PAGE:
The history of coffee goes at least as far back as the thirteenth century and its origin is shrouded in myth. In the Ethiopian highlands, where the legend of Kaldi, the goatherd, originated, coffee trees grow today as they have for centuries. The original native population of coffee is thought to have come from East Africa, more specifically from Ethiopia, where it was discovered more than 1,200 years ago. This is where the first Arabica beans were grown.
By the 16th century, coffee had reached the rest of the Middle East, Persia, Turkey and northern Africa. Coffee then spread to the Balkans, Italy and to the rest of Europe, to Indonesia and then to the Americas.
Coffee today has become a popular drink throughout Europe and the United States. But that almost didn’t happen, and may not have but for the Pope.
Coffee was not always loved. It has been feared, hated and misunderstood — sometimes in places known today for their love of the beans.
Coffee’s origins in Africa and the spreading of the drink through Muslims to the North did not sit well with many Europeans, especially Catholic priests, according to the book “Coffee: The Revolutionary Drink for Pleasure and Health.” The book states that some Christian priests went quite far with their objection and “denounced it as an invention of Satan.”
The logic was convoluted. As the book explains, these Christian priests in Europe believed that “Muslims worshiped the devil and that the devil forbade his followers from drinking wine, as that drink was reserved for those who followed Jesus. So the devil provided coffee, instead.”
When coffee arrived in Europe in the 16th century, clergymen pressed for it to be banned and labeled Satanic. But Pope Clement VIII took a taste, declared it delicious, and even quipped that it should be baptized. On the strength of this papal blessing, coffeehouses rapidly sprang up throughout Europe.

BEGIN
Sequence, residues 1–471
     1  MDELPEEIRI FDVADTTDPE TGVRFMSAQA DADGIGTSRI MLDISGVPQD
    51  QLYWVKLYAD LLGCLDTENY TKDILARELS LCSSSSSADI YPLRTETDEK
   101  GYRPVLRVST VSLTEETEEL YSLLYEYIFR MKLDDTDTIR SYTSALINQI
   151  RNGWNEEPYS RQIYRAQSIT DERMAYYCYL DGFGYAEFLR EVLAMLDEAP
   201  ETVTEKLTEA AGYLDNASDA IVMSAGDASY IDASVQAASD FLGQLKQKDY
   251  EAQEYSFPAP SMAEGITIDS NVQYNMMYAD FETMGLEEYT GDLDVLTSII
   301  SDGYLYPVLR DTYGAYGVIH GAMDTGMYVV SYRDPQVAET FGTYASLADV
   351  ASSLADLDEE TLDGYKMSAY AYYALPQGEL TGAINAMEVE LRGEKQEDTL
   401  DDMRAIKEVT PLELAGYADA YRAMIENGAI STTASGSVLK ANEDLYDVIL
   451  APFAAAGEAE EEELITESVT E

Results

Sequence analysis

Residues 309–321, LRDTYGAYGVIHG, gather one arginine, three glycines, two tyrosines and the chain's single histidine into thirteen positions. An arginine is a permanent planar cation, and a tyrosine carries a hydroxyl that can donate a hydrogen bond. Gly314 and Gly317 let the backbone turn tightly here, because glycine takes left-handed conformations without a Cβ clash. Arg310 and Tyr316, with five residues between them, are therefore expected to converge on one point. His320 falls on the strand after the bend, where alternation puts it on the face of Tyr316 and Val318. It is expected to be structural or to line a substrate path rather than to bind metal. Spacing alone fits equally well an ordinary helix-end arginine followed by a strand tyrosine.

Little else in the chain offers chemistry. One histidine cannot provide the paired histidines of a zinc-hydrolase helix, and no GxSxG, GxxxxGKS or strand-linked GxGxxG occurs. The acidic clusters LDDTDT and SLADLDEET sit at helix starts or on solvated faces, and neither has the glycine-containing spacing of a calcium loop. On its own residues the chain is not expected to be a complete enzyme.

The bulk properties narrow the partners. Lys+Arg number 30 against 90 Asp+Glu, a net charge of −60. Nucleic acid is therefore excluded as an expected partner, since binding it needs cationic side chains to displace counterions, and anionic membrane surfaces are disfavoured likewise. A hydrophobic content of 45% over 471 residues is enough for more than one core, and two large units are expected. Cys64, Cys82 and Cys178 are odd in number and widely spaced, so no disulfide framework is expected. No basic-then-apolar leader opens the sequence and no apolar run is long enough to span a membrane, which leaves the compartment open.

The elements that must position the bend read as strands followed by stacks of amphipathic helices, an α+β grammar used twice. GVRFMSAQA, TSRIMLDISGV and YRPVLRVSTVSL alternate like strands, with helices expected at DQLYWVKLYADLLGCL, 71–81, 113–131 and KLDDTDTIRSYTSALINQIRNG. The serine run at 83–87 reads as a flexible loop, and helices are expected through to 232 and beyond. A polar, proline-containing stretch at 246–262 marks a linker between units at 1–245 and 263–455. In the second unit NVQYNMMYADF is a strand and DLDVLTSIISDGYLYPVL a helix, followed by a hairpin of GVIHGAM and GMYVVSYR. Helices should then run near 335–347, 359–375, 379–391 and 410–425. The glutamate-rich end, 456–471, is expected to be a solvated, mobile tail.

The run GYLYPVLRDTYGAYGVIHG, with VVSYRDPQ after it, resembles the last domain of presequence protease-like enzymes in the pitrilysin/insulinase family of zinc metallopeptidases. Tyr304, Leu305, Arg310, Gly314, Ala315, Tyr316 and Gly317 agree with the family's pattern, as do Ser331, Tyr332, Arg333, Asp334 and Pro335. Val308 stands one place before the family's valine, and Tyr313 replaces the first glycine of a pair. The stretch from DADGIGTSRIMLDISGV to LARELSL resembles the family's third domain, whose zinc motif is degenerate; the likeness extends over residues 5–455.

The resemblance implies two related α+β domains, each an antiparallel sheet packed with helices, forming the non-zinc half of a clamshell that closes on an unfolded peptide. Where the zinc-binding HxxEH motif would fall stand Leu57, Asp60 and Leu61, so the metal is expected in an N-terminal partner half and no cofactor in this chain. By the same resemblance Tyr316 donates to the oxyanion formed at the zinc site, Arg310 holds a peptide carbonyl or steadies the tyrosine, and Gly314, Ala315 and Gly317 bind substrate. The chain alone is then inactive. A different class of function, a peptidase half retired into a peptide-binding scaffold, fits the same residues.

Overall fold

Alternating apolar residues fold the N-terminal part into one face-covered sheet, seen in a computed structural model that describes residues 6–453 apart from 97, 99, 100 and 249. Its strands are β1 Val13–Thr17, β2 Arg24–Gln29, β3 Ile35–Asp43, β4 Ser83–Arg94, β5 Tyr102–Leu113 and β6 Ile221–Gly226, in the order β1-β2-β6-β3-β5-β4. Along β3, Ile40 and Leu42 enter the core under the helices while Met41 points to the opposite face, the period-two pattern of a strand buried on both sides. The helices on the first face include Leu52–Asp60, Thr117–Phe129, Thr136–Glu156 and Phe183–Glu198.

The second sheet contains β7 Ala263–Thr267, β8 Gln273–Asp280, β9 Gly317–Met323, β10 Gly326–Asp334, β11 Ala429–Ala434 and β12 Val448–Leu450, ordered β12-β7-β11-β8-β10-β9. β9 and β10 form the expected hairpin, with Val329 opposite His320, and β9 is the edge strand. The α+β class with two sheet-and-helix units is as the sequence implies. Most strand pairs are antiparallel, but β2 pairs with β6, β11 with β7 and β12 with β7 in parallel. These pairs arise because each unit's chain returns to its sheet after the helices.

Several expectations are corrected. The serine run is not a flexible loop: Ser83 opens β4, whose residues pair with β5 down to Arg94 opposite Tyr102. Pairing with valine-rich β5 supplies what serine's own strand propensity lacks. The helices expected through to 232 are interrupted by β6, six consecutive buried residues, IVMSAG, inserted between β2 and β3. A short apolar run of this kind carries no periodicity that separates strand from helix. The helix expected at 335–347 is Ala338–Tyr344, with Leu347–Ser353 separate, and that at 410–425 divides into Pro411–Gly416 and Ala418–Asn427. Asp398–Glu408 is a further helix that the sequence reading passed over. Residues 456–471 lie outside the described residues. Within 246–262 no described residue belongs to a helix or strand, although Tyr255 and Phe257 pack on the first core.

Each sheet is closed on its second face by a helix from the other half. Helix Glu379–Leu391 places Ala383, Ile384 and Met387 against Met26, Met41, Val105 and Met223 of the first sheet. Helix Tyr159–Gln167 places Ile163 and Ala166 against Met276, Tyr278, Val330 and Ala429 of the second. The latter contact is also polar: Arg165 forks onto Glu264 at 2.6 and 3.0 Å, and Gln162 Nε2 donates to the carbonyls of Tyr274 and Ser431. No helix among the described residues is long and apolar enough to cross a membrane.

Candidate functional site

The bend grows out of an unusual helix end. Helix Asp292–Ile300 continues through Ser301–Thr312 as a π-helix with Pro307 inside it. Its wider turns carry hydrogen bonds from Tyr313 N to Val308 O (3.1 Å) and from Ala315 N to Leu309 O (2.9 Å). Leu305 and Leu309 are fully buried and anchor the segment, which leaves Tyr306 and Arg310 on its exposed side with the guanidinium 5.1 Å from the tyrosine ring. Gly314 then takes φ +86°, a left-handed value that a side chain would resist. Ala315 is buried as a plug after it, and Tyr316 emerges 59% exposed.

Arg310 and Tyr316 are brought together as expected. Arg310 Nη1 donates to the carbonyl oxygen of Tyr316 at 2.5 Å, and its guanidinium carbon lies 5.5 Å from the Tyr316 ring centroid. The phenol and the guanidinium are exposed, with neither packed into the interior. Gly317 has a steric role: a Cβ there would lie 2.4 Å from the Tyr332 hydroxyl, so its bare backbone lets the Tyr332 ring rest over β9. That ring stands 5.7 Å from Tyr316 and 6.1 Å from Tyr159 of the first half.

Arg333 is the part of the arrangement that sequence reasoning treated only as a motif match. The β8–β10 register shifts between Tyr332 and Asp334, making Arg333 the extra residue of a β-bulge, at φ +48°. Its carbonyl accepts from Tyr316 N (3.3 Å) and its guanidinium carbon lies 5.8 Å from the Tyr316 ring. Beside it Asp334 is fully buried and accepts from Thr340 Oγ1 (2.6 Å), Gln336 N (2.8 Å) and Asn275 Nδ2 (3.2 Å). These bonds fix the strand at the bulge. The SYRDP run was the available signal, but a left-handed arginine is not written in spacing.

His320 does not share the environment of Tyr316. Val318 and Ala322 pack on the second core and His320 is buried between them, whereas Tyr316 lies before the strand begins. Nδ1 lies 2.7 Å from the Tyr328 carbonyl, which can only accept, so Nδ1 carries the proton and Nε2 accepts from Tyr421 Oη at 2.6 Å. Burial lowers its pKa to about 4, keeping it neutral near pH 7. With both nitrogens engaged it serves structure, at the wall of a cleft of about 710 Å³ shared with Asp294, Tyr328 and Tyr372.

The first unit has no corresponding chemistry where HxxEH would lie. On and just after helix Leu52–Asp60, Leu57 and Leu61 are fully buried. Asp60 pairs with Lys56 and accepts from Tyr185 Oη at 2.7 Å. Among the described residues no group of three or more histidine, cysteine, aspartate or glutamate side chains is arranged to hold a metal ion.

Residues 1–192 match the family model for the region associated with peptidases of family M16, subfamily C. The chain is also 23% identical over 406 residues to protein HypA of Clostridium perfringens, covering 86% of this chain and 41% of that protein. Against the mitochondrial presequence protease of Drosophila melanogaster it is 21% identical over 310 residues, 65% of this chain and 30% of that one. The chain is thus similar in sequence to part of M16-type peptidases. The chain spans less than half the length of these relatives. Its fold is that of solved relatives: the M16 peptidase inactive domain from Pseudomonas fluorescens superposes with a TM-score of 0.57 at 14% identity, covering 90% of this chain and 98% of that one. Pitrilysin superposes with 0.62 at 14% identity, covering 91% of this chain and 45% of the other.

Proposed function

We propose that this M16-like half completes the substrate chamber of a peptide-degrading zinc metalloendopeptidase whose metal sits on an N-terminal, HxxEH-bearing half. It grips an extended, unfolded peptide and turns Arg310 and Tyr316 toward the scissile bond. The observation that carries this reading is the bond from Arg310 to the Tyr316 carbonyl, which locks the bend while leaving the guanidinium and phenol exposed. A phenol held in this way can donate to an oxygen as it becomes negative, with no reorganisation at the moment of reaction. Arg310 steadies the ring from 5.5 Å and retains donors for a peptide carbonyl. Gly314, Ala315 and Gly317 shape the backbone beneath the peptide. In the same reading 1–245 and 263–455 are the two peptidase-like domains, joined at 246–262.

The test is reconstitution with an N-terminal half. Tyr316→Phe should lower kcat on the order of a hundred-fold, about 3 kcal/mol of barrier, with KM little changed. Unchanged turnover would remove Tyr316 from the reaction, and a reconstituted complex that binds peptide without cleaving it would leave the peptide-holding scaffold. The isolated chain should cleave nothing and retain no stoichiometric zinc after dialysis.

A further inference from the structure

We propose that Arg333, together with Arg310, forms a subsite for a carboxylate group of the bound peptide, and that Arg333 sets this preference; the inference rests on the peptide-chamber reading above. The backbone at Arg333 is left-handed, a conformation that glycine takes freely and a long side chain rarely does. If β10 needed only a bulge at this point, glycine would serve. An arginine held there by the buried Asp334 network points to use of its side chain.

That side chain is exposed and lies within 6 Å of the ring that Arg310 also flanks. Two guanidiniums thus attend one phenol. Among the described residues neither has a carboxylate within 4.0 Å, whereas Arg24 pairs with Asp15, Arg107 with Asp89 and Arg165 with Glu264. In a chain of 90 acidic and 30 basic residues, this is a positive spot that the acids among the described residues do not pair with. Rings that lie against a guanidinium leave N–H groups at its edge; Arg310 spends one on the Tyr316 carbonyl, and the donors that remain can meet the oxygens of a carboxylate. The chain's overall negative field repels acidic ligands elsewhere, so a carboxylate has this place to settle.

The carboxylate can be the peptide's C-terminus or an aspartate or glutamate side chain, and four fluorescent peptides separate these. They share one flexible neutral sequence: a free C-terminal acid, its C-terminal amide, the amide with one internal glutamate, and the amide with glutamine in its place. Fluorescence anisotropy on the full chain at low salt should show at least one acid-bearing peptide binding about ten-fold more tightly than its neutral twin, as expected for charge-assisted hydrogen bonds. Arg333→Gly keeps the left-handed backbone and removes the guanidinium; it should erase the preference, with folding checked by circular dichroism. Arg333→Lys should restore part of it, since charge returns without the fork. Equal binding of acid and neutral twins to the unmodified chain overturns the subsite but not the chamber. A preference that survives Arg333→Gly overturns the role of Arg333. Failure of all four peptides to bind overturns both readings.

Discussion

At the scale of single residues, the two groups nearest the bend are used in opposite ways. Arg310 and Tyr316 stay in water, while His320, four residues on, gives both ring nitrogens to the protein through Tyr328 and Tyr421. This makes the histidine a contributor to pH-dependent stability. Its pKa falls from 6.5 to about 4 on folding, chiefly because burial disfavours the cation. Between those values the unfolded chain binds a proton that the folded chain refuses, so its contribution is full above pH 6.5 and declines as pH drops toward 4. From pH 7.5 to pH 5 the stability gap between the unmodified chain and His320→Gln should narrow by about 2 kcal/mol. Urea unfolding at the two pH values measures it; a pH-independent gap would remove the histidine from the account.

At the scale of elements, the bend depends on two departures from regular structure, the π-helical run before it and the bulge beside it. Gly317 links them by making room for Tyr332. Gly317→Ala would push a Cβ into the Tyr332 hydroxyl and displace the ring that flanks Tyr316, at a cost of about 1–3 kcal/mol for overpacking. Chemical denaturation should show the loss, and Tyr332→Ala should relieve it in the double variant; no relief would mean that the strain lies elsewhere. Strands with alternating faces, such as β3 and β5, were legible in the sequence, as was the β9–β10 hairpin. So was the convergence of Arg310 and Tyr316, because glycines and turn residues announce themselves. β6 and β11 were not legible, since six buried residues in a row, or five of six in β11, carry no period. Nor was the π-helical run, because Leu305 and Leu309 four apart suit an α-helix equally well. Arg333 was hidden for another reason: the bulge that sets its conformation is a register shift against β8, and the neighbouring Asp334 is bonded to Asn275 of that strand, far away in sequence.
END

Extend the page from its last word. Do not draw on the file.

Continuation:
Ultimately, the question made its way up to the Pope. According to Yale Global, a publication of Yale University’s Center for the Study on modern Globalization. Pope Clement VIII, in 1600, not only okayed coffee’s use, but also endorsed it. Yale Global asserts that Clement VIII’s decision was based in pragmatism — he appreciated the notion that coffee could “help sober a population whose fluid intake was largely alcoholic beverages,” and mental_floss notes that the Pope considered (jokingly) having the drink baptized.
But legend has it that Clement VIII’s interest in the bean was also a personal one. Clement VIII sampled the drink himself, and told his advisers that “this Satan’s drink is so delicious that it would be a pity to let the infidels have exclusive use of it.”
Either way, the Christian Church ended the ban on coffee — something for which many today are certainly thankful.
Coffee is a beloved commodity throughout Europe now. Not everyone was pleased, however. In Prussia, King Frederick the Great staunchly forbid coffee drinking in 1777 because he thought it was impacting beer sales. Throughout the 18th century, women in Europe rallied against the drink, which they thought was causing their men to become impotent – a National Geographic report.
But the continent was already addicted. And once people are hooked on coffee, it’s hard drug to beat.